ANR is France’s national research agency. It funds project-based research in all science fields (both basic and applied research) through an internationally compliant competitive peer review process. ANR is also currently chairing the governing board of JPI Climate and coordinating the ERA4CS ERA-NET Cofund action for climate services.
BSC, formed in 2005, has a mission to research, develop and manage information technology in order to facilitate scientific progress. At the BSC, more than 350 people from 40 different countries perform and facilitate research into computer, life and earth sciences as well as applications in science and engineering. The BSC is one of the four hosting members of the European PRACE Research Infrastructure as well as one of the first eight Spanish “Severo Ochoa Centre of Excellence” awarded by the Spanish Government. The Earth Sciences Department is the one engaged in Climateurope. Its main goal is to develop an environmental prediction capability based on the best knowledge in high-performance computing and big data, and to efficiently transfer the outcome to society.
CMCC is a non-profit research institution. Its mission is to investigate and model our climate system and its interactions with society to provide reliable, rigorous, and timely scientific results, which will in turn stimulate sustainable growth, protect the environment, and develop science-driven adaptation and mitigation policies in a changing climate.CMCC also supports policymakers in setting and assessing costs of mitigation and adaptation policies.
Climate-KIC is Europe’s largest public-private innovation partnership, working together to address the challenge of climate change. Climate-KIC drives innovation in climate change through creative partnerships large and small, local and global, between the private, public and academic sectors. All partners bring their industry experience to the community and are connected through a national or regional centre.Climate-KIC connects global and local, small and large partners from the private, public and academic sectors. The split across the three sectors is approximately 50% business, 30% academic and 20% public and not for profit.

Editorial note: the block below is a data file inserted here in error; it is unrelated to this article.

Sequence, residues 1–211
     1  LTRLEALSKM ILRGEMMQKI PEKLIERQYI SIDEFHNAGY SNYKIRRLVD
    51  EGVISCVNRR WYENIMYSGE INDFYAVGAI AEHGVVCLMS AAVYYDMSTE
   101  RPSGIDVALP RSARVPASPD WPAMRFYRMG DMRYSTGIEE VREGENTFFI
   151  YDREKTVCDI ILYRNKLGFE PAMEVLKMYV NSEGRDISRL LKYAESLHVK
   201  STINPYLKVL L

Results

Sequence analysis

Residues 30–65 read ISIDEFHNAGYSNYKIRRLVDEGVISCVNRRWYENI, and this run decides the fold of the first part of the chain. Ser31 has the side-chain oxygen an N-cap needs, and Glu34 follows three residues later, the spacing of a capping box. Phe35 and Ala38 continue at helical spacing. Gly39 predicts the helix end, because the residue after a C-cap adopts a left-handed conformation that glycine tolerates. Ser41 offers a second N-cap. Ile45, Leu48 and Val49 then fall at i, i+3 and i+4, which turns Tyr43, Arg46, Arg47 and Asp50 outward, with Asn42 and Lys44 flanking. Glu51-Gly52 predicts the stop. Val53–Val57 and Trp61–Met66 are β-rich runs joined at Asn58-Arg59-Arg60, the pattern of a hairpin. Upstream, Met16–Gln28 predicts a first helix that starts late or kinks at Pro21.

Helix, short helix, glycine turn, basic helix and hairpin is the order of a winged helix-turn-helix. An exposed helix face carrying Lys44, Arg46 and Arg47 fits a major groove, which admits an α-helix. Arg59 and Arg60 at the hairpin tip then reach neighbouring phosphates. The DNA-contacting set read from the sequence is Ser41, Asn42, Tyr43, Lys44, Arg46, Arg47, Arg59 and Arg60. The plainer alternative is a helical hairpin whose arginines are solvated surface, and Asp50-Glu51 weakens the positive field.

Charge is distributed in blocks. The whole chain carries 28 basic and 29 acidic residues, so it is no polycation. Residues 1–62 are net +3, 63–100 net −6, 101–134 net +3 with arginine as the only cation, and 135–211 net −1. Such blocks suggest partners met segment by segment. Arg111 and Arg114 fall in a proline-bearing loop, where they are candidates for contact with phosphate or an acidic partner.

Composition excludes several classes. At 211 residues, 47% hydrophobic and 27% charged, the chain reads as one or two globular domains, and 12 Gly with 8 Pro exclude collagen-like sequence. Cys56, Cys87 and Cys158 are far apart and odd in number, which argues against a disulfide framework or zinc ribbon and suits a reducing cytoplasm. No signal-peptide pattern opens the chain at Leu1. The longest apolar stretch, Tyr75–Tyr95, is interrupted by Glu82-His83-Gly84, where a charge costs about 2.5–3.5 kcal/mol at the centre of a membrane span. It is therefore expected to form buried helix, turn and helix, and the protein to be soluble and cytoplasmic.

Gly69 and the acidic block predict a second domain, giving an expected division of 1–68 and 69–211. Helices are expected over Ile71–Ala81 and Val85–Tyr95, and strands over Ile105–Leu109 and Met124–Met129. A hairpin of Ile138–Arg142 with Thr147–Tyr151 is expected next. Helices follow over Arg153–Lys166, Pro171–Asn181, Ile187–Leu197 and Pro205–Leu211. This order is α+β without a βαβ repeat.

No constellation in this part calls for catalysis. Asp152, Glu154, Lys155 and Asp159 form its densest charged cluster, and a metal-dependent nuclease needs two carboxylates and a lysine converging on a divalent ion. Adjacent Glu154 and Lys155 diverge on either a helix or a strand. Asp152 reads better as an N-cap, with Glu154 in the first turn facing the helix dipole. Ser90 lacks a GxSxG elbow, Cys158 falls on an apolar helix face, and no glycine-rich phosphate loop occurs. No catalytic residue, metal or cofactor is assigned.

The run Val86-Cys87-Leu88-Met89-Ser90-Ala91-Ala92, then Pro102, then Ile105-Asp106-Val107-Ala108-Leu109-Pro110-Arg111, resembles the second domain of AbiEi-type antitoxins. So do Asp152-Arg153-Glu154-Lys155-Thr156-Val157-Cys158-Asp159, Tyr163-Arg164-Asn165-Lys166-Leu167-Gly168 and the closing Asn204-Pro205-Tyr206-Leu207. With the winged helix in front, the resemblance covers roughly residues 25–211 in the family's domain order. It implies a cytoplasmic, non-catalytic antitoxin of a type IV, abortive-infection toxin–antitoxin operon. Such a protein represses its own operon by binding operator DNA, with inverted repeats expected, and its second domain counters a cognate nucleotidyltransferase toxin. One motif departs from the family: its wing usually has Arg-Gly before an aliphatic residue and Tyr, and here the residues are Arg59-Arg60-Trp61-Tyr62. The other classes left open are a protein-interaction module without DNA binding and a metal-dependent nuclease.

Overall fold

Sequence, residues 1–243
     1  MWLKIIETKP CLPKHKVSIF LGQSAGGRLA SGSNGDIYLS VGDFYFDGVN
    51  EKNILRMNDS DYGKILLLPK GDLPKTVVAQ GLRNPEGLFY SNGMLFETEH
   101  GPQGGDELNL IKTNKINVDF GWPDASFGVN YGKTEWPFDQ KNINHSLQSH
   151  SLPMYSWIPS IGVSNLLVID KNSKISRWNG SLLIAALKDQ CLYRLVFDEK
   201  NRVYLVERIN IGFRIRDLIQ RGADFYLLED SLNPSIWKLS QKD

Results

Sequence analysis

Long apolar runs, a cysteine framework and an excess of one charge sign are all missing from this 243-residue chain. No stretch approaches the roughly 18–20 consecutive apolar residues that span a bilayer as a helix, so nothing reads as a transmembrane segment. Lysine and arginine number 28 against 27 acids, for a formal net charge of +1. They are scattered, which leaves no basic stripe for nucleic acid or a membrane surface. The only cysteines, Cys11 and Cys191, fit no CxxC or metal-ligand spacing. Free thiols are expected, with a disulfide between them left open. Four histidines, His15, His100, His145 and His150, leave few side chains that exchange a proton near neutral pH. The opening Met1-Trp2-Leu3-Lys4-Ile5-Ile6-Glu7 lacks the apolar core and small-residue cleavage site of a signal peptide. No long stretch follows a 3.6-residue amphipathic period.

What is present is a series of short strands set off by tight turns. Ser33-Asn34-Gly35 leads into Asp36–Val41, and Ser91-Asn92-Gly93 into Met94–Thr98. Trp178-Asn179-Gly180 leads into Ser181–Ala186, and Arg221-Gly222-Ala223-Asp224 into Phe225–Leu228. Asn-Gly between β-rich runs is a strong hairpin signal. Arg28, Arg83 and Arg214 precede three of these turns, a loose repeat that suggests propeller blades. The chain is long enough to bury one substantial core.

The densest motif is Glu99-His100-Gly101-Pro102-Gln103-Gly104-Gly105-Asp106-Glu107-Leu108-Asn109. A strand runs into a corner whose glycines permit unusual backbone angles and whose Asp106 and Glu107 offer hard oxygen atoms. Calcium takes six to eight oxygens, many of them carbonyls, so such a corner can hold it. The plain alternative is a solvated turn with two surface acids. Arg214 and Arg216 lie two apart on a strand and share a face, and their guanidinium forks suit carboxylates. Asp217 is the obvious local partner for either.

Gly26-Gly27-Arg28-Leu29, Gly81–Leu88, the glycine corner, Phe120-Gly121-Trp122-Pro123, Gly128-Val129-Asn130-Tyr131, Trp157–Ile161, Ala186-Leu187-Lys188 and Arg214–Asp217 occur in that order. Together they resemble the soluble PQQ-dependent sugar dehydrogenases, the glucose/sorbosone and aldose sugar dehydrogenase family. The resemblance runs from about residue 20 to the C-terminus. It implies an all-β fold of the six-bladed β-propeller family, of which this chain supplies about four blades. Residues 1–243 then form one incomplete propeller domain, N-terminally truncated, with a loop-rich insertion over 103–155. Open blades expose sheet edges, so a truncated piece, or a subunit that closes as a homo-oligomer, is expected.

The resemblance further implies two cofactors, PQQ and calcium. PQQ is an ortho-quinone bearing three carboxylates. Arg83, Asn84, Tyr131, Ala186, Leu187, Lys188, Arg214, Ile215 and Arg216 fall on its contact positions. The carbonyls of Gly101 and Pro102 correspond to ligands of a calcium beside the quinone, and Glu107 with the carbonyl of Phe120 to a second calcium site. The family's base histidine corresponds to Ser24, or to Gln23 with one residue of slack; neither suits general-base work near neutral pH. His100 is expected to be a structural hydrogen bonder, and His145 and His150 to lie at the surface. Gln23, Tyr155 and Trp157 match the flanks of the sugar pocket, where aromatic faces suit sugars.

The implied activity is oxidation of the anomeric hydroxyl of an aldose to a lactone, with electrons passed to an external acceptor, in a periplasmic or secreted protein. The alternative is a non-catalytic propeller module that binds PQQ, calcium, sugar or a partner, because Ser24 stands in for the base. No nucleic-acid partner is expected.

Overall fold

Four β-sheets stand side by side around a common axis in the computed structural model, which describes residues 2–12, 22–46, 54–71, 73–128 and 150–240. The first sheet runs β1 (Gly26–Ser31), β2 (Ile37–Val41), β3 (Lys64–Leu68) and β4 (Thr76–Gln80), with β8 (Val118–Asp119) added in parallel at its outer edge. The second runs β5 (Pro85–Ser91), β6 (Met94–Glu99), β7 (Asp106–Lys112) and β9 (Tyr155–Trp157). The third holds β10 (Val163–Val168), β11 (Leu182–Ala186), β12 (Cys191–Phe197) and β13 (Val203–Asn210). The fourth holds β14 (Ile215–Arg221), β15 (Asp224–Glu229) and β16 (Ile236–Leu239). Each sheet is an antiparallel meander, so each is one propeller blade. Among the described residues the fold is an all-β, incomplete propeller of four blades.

ECMWF is both a research institute and a 24/7 operational service, producing and disseminating numerical weather predictions (NWPs) to its Member States. This data is fully available to the national meteorological services in the Member States. The Centre also offers a catalogue of forecast data that can be purchased by businesses worldwide and other commercial customers. The supercomputer facility (and associated data archive) atECMWF is one of the largest of its type in Europe and Member States can use 25% of its capacity for their own purposes.
The Helmholtz-Zentrum Geesthacht Zentrum für Material- und Küstenforschung GmbH (HZG) is one of 18 members of the Helmholtz Association of German Research Centres, Germany’s largest science organization. HZG is located in Geesthacht near Hamburg with branches in Teltow near Berlin and in Hamburg, with a total staff of approximately 900 employees, including about 650 scientists, engineers and technicians.
The Climate Service Center Germany (HZG-GERICS) was initiated by the German Federal Government in 2009 as a fundamental part of the German hightech-strategy for climate protection. Since June 2014, it is a scientific organizational entity of HZG. HZG-GERICS is located in Hamburg with a current staff size of about 40 employees. HZG-GERICS offers in a scientifically sound manner products, advisory services and decision-relevant information in order to support government, administration and business in their efforts to adapt to climate change. It builds up a national and international network structure in order to integrate existing competences and knowledge, and to link various actors within the complex area of climate change.